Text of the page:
Fear of Atrophy

I wonder when rocks begin to settle?  When do they sink far enough into the earth that a shuffling shoe or even a determined kick cannot alter this final resting point?  I recognize that rocks (probably) do not have much choice in this ultimate placement, but I do wonder if there is a moment when they just give in to their destiny.

I am not a gardener.  My husband is the one who somehow transforms corners of our yard into spots of beauty and finds a way to coax food from packages of seeds.  When we first moved into our house, I watched as he pulled rock after rock out of the soil, before finally giving up on the natural land and building raised beds that would become our gardens for years to come.  The rocks were too big.  The rocks were too stubborn.  The rocks were just too many.  But he didn’t give up; he just accepted that the rocks had a permanent space and worked around it.

I thrive on routine, but only because that routine gives me a bit of control.  I rarely try to control the uncontrollable but I hold tight to the things that I can control.  I have usually been able to tell the difference.  Until now.  Now I am missing the spontaneity and vibrancy and change and all of the things that define a middle school life.  I need to exercise my flexibility and make sure that my response muscles still work.  But without something to flex around or respond to, I am stagnant.  I didn’t know that this was missing until today…this is what my students and my “school world” always provided and now they are gone.

As much as I try to move…around the house, around the neighborhood, around my own busy mind…I worry that I have begun to settle.  Tomorrow I will till my proverbial soil and try to loosen my grip on stagnation.  I know that I am not a rock, nor am I in danger of becoming permanently embedded in the soil, but I do fear that without the energy of the unpredictable, I will begin to sink.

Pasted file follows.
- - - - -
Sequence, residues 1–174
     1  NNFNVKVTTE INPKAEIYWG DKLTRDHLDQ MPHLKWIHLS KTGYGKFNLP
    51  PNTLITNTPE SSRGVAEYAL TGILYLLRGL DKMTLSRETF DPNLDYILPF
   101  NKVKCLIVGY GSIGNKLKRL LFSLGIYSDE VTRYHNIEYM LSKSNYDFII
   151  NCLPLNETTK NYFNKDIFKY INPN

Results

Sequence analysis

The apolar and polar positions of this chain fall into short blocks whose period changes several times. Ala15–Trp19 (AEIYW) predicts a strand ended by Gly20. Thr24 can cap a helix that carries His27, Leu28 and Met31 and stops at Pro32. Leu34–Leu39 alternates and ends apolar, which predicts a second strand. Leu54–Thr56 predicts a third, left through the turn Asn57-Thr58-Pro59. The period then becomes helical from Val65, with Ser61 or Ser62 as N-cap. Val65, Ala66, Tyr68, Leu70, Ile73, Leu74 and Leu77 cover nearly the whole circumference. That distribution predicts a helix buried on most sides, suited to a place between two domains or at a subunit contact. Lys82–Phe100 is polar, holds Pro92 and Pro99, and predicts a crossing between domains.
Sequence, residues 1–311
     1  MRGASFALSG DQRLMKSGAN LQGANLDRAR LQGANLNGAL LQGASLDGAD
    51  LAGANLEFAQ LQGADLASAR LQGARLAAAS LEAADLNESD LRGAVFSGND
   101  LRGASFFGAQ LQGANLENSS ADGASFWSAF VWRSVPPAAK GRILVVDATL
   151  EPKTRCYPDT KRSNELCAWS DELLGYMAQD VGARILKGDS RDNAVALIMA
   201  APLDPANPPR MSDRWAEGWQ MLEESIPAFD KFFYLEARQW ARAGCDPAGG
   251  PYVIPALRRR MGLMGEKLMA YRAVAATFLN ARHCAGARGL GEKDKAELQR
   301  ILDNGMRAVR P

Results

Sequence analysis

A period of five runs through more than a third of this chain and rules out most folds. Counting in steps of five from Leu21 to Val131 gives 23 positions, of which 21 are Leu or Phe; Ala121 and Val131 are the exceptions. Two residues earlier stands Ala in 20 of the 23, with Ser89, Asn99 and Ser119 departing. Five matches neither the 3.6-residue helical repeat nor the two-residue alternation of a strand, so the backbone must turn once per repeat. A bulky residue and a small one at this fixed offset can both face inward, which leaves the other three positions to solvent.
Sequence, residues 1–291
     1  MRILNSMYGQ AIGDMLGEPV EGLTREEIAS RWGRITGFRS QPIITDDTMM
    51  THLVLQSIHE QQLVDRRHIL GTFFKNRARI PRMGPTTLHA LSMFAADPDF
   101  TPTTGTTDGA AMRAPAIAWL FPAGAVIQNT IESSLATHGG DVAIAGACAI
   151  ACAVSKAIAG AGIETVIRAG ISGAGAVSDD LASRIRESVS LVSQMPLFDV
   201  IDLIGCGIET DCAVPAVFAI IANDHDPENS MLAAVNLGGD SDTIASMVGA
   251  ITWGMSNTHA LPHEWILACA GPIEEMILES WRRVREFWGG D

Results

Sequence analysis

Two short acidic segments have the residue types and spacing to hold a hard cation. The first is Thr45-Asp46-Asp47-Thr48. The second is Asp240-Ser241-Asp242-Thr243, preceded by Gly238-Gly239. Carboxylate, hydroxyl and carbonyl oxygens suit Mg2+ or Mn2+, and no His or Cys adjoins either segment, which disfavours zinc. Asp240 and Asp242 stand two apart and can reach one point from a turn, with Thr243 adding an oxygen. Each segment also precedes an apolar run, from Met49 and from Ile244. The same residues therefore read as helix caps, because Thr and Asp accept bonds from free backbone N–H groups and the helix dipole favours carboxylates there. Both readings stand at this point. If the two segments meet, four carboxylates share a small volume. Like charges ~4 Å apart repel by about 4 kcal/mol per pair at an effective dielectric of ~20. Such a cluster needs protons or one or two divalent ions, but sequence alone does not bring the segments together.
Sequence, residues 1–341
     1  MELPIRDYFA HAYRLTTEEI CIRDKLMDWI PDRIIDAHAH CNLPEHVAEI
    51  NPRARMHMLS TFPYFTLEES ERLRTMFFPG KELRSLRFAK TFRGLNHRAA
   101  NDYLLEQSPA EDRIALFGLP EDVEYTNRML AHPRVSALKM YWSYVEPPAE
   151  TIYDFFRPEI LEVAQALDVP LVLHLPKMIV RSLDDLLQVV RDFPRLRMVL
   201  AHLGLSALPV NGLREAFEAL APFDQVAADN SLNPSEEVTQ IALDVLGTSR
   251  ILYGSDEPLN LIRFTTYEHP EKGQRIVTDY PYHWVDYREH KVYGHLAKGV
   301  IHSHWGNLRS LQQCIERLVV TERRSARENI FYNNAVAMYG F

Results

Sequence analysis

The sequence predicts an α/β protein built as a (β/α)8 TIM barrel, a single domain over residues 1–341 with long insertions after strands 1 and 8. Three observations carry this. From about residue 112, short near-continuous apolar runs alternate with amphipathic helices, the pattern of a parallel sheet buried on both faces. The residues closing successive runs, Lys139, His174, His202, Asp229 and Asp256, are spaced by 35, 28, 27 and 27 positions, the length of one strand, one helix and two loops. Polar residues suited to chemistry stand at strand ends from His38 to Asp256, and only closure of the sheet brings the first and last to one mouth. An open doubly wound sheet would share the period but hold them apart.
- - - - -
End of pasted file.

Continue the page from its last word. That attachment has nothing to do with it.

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5 thoughts on “Fear of Atrophy

  1. Thank you for the words that articulate so much of what I’ve been feeling. You nailed it here: I need to exercise my flexibility and make sure that my response muscles still work. But without something to flex around or respond to, I am stagnant. I didn’t know that this was missing until today…this is what my students and my “school world” always provided.

    The longer I’m at home, the more I fear I’ll lose “my touch.” The gardening analogy is a strong one. I like the idea of tilling things up.

    Liked by 1 person

  2. Hang in there. I know that this is easier written than done, but I’m learning to take it day by day. As you know, I, too, thrive on routine and the excitement of teaching 70 kids each and every day (that’s while I will never be an administrator). This is a difficult time, but a time that I believe we will learn from (some on a huge stage and some on a small stage). Tomorrow morning, you’ll start raking (tilling) again, and hopefully, you won’t hit a rock (if you do, pull it out of the ground). When we make it back to the classroom, I PROMISE you that energy will return (maybe even with 10 times more energy than when you left:).

    Liked by 1 person

  3. I thought of this post while I was out for a walk today. There was a section with rocks solidly lodged in the ground where I could no longer walk on auto-pilot but had to be present while I walked so I wouldn’t trip. I think of your writing in this way–it causes readers to notice what’s around us, be more present and aware in our lives. Sometimes a settled rock can be a good thing.

    Liked by 1 person

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